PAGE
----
To think that I wasn’t even supposed to get The Witcher 3: Wild Hunt. I tried playing the first 2 games but there was always something making me stop. I never really got if it was because of the weird UI or the clunky combat, but I could never enjoy those games and stopped playing after only a few hours. But fate, or my PC hardware addiction, dropped a free copy of The Witcher 3 in my lap with the purchase of my new video card. Heck, even then, I wasn’t sure if I was even going to play it. But then a lot of my favorite game reviewers came out with their opinions on the game. Rarely had I ever seen such enthusiastic applause for a new release. So I stepped over my preconceived ideas, and decided to give the game a try. Here are my thoughts.
The story so far…
For those who are not familiar with the Witcher series, taking on the huge storyline and understanding the lore can be quite daunting. Most characters are already established and have a rapport between each other that I didn’t follow at the beginning. Characters often reminisce about the old times and in order to understand their reflections, I found myself reading through paragraphs of character bios in the game menu. Although it did help me understand better what was going on, you are very much just thrown out there, assuming that you already understand everything that’s happening in the world. However, it did not diminish my enjoyment of the game. If anything, the cleverly placed hints and previous story references make understanding the story behind the story actually quite fun and rewarding. To make things even easier, the premise for the first 20 or so hours of the game is rather basic: you are looking for your daughter (or not really) called Ciri, who is running away from a band of supernatural, dimension travelling beings called The Wild Hunt. Simple, but effective. Soon however, we discover that there’s a lot more to it and that the story is much more complex that we might think. One of the most interesting things I noticed is the seemingly non-existent “main” quest. Don’t get me wrong, you have a main goal, but there’s many quests to do in order to achieve that goal. But the genius resides in how you complete those quests. There’s no set order in which you need to do them to advance the story. The game seems to adjust itself and its story, depending on the choices you make and which quests you decide to face first. This caught me off guard at some points, and I actually had to load up old saves and try different paths just to see where it would lead me. The end result remains the same, but how you get there is totally up to you.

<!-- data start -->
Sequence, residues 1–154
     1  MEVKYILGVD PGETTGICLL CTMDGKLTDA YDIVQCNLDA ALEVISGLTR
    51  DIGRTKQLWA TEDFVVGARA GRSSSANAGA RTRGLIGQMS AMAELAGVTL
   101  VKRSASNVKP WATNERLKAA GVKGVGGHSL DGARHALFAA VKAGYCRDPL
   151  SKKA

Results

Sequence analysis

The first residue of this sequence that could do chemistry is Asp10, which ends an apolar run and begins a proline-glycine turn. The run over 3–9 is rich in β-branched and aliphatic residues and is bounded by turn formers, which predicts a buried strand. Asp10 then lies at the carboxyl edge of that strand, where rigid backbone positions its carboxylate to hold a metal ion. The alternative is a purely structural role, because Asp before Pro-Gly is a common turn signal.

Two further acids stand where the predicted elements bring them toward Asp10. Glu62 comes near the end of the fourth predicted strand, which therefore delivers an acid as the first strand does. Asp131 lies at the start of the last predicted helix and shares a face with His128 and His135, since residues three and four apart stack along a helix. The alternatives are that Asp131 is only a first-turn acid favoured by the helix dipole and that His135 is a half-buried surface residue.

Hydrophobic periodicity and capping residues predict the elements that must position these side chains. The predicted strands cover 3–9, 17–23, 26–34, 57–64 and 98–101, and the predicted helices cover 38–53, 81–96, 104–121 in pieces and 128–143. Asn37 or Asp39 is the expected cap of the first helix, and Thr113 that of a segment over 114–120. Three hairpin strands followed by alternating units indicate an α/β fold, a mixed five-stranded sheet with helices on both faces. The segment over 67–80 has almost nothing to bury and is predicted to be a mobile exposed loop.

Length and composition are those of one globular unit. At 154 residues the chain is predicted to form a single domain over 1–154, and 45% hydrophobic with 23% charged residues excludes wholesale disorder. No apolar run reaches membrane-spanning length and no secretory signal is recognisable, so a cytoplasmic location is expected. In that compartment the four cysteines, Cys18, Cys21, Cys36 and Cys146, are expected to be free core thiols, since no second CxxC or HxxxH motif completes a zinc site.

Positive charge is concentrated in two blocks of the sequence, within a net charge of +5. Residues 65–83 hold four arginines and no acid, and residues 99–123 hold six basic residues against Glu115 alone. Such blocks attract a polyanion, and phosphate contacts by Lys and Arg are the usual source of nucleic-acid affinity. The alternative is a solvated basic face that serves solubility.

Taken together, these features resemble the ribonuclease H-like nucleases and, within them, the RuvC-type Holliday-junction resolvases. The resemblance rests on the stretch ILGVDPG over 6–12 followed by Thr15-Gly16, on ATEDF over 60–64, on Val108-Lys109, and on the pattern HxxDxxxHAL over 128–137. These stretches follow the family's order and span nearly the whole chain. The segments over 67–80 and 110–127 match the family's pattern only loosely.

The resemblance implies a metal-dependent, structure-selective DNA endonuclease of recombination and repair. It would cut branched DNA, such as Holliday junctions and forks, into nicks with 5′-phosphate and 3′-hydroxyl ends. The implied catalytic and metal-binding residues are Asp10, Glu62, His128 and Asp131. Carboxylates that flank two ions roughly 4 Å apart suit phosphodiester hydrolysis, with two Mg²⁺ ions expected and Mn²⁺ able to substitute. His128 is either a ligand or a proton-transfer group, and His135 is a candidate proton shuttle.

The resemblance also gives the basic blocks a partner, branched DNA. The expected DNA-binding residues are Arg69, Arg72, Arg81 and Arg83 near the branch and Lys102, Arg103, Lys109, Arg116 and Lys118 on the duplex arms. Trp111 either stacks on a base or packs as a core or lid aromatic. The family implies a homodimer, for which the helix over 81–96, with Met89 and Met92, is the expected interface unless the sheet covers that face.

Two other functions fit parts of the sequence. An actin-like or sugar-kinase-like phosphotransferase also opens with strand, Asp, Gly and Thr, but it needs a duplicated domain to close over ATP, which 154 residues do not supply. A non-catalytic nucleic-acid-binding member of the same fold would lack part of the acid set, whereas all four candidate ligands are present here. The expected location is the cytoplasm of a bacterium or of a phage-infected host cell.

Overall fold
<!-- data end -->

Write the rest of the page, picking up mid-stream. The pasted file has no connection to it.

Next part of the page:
The story and how it’s told wouldn’t be anything without the characters. The voice acting, even for the smallest role, is delivered in an interesting and meaningful way. Never did I think to myself, “Well, this guy is clearly phoning it in today”, and that’s quite rare for a game this massive. Each of the main characters that I have played so far, are interesting in their own way. Though I don’t know the characters as well as someone who has played the first 2 games, I’m still already attached to most of them. The character of Ciri in particular was designed masterfully to have just enough innocence and power that you love her and respect her at the same time. As for the main character, Geralt, you can kind of manipulate the personality he has. Choose between a heartless Witcher looking for his reward at the end of a contract, or a more kind-hearted person, who refuses money, for the benefit of others.